This article was submitted by ICM.com.
The latest developments within the financial markets continue to prove that uncertainty is surrounding the divorce deal between Britain and the European Union. Since the preparation of the Brexit referendum, the pound has continuously been subjected to headlines concerning this campaign.
Before the referendum, the polls were affecting the markets. Since the referendum took place on 24th of June 2016, the pound is reacting to every headline concerning the Brexit deal.
For the past two years, the United Kingdom and the European Union held several rounds of negotiations to reach a proper and fair deal where both parties are satisfied. Finally, Theresa May unveiled a draft Brexit deal document, presented it to her divided Cabinet and managed to earn their approval.
However, her latest developments triggered the resignation of several ministers, with the most significant being the Secretary of State for Exiting the European Union, Dominic Raab. He said that he would not be able to sign a deal that is not right for the country in his opinion.
Many politicians believe that the deal is giving up too much sovereignty and it is binding the United Kingdom into a customs union with the European Union. Moreover, the deal unleashed opposition from her own party.
May’s latest proposal could lead to a split in the ruling Conservative Party and threaten her leadership and position as a Prime Minister. Theresa May is having a tough time, especially that several Tory MPs sent letters requesting a confidence vote in her leadership lately.
The threshold wasn’t met, but the MPs behind the letters will not back her proposal, and this will make it harder for May to earn the approval of the Parliament. Theresa May tried to improve on the people’s opinion of her deal by writing a letter to the nation promising the British people that the separation would lead to a new and improved chapter in their lives.
She highlighted the positive outcomes of a Brexit such as better control of the borders, spending British taxpayer’s money on their own priorities, signing new trade deals with other countries, and abandoning agreements that aren’t in UK’s interests.
On Sunday, the EU leaders approved the Brexit deal, and they considered it final. The next step will be a parliament vote on the deal, and May is likely to plan it ahead of the next EU council meeting on 13th – 14th of December. Will Theresa May be able to face the parliament and win the approval?
If the parliament rejects the deal we will be facing one of the following three scenarios: a no-deal Brexit, a general election, or a second referendum.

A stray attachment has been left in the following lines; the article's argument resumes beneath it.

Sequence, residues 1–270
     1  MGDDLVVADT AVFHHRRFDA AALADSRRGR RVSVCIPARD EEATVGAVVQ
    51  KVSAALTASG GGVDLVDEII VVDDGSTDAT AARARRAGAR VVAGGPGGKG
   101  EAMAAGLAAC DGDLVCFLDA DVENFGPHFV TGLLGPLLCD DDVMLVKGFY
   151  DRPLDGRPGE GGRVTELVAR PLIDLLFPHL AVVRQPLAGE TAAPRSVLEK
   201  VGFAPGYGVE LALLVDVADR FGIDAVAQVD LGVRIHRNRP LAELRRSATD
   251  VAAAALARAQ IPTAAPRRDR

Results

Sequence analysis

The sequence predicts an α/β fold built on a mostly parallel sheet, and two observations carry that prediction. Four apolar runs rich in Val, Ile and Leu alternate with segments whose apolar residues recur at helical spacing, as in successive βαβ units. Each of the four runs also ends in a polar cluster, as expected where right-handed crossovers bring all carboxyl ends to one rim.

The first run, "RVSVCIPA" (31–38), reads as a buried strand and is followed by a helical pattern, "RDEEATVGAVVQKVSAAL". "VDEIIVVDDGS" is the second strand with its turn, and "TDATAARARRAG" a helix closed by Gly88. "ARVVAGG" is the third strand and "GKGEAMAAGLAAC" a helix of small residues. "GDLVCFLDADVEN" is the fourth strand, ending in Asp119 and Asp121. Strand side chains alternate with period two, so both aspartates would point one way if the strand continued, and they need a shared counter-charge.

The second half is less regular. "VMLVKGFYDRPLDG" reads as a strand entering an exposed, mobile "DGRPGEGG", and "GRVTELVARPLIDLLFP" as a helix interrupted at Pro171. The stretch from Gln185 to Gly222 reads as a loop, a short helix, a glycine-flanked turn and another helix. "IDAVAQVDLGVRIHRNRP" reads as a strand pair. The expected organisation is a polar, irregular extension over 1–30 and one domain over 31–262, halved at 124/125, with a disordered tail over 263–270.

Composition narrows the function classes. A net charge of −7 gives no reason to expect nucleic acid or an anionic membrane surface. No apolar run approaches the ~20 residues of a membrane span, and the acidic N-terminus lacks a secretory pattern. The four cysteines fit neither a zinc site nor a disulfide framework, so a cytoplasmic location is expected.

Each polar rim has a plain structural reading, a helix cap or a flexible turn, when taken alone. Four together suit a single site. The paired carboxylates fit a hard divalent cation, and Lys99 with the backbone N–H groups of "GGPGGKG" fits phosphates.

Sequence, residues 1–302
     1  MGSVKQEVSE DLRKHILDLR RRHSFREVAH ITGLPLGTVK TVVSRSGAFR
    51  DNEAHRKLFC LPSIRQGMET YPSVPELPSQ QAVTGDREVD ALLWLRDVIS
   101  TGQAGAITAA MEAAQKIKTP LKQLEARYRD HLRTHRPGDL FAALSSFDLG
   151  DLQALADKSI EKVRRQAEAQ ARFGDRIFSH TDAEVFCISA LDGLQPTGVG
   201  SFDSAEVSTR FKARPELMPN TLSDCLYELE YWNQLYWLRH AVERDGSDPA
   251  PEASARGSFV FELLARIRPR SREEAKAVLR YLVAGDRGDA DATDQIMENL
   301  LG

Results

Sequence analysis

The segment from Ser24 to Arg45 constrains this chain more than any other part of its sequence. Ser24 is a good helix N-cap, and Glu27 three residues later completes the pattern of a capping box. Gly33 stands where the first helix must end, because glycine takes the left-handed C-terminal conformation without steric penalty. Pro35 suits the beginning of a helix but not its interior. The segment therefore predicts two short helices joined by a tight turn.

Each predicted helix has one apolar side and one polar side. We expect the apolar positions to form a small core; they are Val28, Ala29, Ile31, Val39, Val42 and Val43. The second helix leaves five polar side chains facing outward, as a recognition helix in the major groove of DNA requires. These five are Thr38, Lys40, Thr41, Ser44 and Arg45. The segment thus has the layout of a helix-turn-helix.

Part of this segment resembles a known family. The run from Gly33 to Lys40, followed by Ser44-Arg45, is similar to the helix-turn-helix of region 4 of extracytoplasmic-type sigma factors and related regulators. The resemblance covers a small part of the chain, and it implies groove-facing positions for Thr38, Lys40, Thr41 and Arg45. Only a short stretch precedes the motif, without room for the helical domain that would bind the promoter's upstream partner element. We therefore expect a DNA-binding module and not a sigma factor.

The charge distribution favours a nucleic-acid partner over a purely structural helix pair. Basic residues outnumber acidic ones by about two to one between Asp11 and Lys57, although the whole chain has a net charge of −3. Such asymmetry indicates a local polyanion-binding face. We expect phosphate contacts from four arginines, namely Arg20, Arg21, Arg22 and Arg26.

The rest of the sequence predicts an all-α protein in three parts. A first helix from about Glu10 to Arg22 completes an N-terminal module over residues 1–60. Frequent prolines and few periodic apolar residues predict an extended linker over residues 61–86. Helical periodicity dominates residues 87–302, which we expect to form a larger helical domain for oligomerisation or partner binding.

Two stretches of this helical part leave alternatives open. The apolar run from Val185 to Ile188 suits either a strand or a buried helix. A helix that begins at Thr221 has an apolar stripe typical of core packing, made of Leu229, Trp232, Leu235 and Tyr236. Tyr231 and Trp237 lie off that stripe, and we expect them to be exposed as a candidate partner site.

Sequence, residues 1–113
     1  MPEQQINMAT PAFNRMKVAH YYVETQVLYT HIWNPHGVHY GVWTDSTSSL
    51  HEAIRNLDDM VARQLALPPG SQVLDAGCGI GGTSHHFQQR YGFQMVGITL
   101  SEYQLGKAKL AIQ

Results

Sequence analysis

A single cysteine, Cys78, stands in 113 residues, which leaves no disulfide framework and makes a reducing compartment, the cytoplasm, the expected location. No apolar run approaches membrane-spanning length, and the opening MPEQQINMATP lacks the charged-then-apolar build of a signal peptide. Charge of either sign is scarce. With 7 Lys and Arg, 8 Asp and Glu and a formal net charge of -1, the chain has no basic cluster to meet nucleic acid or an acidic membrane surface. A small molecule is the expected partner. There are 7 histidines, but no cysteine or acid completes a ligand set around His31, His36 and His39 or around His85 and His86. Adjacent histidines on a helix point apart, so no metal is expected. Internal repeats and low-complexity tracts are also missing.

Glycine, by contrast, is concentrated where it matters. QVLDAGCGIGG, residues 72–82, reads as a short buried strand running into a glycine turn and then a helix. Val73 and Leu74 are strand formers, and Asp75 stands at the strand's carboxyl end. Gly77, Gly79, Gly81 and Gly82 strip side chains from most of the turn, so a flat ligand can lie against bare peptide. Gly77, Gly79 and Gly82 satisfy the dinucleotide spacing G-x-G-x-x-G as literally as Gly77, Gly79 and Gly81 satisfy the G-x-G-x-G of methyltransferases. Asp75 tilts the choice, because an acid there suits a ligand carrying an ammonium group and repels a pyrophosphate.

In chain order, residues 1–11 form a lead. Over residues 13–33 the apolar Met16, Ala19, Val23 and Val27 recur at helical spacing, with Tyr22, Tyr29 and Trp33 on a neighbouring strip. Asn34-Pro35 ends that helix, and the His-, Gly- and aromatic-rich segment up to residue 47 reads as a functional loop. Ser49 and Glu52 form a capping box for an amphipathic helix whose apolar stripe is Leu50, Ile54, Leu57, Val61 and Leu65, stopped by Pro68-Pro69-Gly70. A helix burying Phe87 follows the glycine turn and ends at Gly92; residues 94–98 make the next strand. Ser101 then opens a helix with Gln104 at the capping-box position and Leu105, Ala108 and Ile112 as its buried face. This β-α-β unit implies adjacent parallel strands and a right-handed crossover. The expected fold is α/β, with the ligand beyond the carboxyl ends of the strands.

The recent developments only imply further market uncertainty and higher risks. The British pound and the stock markets have been vulnerable to headlines concerning Brexit and affected the net worth of each British citizen.
On the referendum night, Sterling tumbled more than ten percent, and market participants rushed to blame Algos for the flash crash. Traders should be well prepared and hedged for severe price fluctuations.
Many investors use options to hedge against the implied market volatility, where they can protect themselves against a disaster in case of a “no-deal” Brexit at a specified premium.
Investors should be keeping up with the latest news releases or any developments concerning Brexit and track possible effects on the market. They should asses their portfolio exposure carefully and make sure they abide by the risk management rules.
Moreover, the use of technical analysis in such scenarios is quite common with experienced traders. Technical analysis helps traders detect areas of supply and demand which are known as support and resistance.
Recently, Cable was able to defend support levels between 1.2600-1.2700 which implied heavy demand since mid-August.
However, a break below the support area could trigger a further downtrend, especially because usually a break of a valid support level is accompanied with heavy volume and would accelerate a drop. This scenario could lead to a new flash crash in the case of low liquidity.
Some traders prefer dealing with volatile markets instead of stable markets. They believe that the market conditions will help them generate profits in less time, but this style of trading carries high risks.
Market participants should respect the current market situation and the uncertainty that is surrounding the markets to avoid any heavy losses to their portfolios.